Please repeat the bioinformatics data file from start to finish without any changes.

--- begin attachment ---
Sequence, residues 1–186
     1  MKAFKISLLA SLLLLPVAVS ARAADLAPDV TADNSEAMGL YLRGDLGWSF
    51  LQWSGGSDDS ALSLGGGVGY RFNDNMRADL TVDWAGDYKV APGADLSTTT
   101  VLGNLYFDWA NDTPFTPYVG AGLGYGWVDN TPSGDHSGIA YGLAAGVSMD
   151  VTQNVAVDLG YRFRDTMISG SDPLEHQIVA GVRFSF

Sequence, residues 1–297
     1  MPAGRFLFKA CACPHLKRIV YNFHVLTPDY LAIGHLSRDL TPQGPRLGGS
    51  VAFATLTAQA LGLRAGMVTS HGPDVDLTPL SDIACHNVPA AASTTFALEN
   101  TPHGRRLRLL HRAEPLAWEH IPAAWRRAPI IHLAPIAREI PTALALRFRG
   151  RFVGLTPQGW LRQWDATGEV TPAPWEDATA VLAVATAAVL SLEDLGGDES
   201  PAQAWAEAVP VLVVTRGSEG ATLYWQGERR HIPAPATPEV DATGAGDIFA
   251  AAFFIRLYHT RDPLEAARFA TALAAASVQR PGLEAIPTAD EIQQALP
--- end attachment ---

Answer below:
Sequence, residues 1–186
     1  MKAFKISLLA SLLLLPVAVS ARAADLAPDV TADNSEAMGL YLRGDLGWSF
    51  LQWSGGSDDS ALSLGGGVGY RFNDNMRADL TVDWAGDYKV APGADLSTTT
   101  VLGNLYFDWA NDTPFTPYVG AGLGYGWVDN TPSGDHSGIA YGLAAGVSMD
   151  VTQNVAVDLG YRFRDTMISG SDPLEHQIVA GVRFSF

Sequence, residues 1–297
     1  MPAGRFLFKA CACPHLKRIV YNFHVLTPDY LAIGHLSRDL TPQGPRLGGS
    51  VAFATLTAQA LGLRAGMVTS HGPDVDLTPL SDIACHNVPA AASTTFALEN
   101  TPHGRRLRLL HRAEPLAWEH IPAAWRRAPI IHLAPIAREI PTALALRFRG
   151  RFVGLTPQGW LRQWDATGEV TPAPWEDATA VLAVATAAVL SLEDLGGDES
   201  PAQAWAEAVP VLVVTRGSEG ATLYWQGERR HIPAPATPEV DATGAGDIFA
   251  AAFFIRLYHT RDPLEAARFA TALAAASVQR PGLEAIPTAD EIQQALP